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The seven collections of symbols on the left in Table 3.9.1 are called indeterminate forms, insofar as they arise when calculating the limits of certain expressions. The stratagems on the right in the table extend the set of rules for computing limits without having to invoke Definition 1.2.1.
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Indeterminate Form

Limit Stratagem

$\frac{0}{0}$, $\frac{\infty}{\infty}$

Use L'Hôpital's rule

$0\cdot \infty$

Rewrite as fraction and use L'Hôpital's rule

$\infty \infty$

Convert to quotient via common denominator, rationalization, or factoring;
then use L'Hôpital's rule

${0}^{0}$, ${\infty}^{0}$, ${1}^{\infty}$

Take the limit of the log and exponentiate the result.
Equivalently, write $u{\left(x\right)}^{v\left(x\right)}$ as ${e}^{v\mathrm{ln}\left(u\right)}$.

Table 3.9.1 Indeterminate forms and appropriate approaches to their limits



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Recall from Table 1.3.1 that the limit of a quotient is the quotient of the limits when the limits exist and the limit of the denominator is not zero. If, in computing the limit of the fraction $f\left(x\right)\/g\left(x\right)$ one of the forms $0\/0$ or $\infty \/\infty$ results, no formal technique in Chapter 1 applies.
Recall from Table 1.3.1 that the limit of a product is the product of the limits, provided both limits exist. If, in computing the limit of the product $f\left(x\right)\cdot g\left(x\right)$ the form $0\cdot \infty$ results, no formal technique in Chapter 1 applies.
Recall from Table 1.3.1 that the limit of a difference is the difference of the limits, provided both limits exist. If, in computing the limit of the difference $f\left(x\right)g\left(x\right)$ the form $\infty \infty$ results, no formal technique in Chapter 1 applies.
The three indeterminate forms at the end of Table 3.9.1 arise when taking the limit of expressions of the form $u{\left(x\right)}^{v\left(x\right)}$. They do not arise if one of the functions $u$ or $v$ is strictly constant. For example, Maple evaluates ${0}^{0}$ to 1, and $\underset{x\to \infty}{lim}{1}^{x}$ = ${1}$.
Theorem 3.9.1  L'Hôpital's Rule

1.

$a\in I$, an open interval

2.

$f$ and $g$ differentiable on $I$

3.

$g\prime \left(x\right)\ne 0$ on $I$, except possibly at $x\=a$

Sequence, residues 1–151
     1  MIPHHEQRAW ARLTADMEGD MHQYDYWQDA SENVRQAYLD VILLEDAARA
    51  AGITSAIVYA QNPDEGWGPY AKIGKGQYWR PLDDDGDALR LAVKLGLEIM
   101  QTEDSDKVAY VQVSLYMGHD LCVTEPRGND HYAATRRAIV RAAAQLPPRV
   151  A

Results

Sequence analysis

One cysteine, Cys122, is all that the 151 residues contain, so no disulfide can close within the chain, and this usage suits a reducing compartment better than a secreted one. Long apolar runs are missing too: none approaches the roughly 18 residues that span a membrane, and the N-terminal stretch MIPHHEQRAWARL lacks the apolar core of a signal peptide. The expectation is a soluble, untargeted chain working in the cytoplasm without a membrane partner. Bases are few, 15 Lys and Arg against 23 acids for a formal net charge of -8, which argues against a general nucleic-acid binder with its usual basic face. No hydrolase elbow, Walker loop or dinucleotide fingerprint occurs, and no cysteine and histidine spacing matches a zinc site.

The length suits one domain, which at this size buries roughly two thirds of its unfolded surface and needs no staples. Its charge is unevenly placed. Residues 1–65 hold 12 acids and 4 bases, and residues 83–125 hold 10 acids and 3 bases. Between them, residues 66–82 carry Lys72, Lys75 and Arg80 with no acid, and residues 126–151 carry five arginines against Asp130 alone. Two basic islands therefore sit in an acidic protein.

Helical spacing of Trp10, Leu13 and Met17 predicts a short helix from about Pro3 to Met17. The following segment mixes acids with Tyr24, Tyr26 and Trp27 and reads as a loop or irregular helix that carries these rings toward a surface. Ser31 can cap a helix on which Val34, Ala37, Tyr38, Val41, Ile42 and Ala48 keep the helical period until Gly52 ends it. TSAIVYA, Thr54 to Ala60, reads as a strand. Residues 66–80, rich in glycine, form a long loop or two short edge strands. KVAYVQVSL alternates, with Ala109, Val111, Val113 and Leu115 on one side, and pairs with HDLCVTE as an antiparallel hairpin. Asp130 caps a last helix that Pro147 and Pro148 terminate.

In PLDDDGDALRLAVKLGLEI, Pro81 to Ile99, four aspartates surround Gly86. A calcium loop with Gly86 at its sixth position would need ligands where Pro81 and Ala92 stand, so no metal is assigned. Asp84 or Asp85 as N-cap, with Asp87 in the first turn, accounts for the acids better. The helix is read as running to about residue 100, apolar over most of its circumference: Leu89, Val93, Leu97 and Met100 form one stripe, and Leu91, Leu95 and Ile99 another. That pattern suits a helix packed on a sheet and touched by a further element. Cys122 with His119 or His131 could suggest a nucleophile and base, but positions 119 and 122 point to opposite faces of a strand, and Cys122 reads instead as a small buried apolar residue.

4.

$\underset{x\to a}{lim}f\left(x\right)\=0$ and $\underset{x\to a}{lim}g\left(x\right)\=0$ or $\underset{x\to a}{lim}f\left(x\right)\=\pm \infty$ and $\underset{x\to a}{lim}g\left(x\right)\=\pm \infty$

5.

$\underset{x\to a}{lim}\frac{f\left(x\right)}{g\left(x\right)}$ exists or is $\pm \infty$

⇒
$\underset{x\to a}{lim}\frac{f\left(x\right)}{g\left(x\right)}\=\underset{x\to a}{lim}\frac{f\prime \left(x\right)}{g\prime \left(x\right)}$



Condition 4 of Theorem 3.9.1 states that L'Hôpital's rule deals with the two indeterminate forms $0\/0$ and $\infty \/\infty$. If the rule is applied to a form other than one of these, an incorrect limit will be obtained.
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If $\underset{x\to a}{lim}\left(f\left(x\right)g\left(x\right)\right)$ results in the indeterminate form $\infty \infty$, the algebra in Table 3.9.2 provides a formal way of converting the difference to an expression amenable to L'Hôpital's rule.
$fg\equiv \frac{\frac{1}{g}\frac{1}{f}}{\frac{1}{fg}}$

Table 3.9.2 Converting the form $\infty \infty$ to $0\/0$



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Since $f\to \infty$ and $g\to \infty$, the numerator of the fraction on the right in Table 3.9.2 tends to $00\=0$. Similarly, the denominator on the right tends to 0 also. Hence, Table 3.9.2 converts the form $\infty \infty$ to $0\/0$ for which L'Hôpital's rule is applicable. However, the algebra involved is cumbersome, and any ad hoc manipulations that can replace the formalism of Table 3.9.2 should be considered.
Note on the pronunciation of "L'Hôpital"

•

There is variation in the spelling of this French name, some authors using the uppercase "L", some using the lowercase. Some texts even use the alternate spelling L'Hospital, causing students to pronounce the "s".

•

Consultation with a French mathematician yielded the following conclusions. Always use the uppercase "L". Never spell the name with an "s". Never pronounce the name with an "s". A typical North American pronunciation would be lōpētăhl'. The internet provides sites at which the French pronunciation can be heard.




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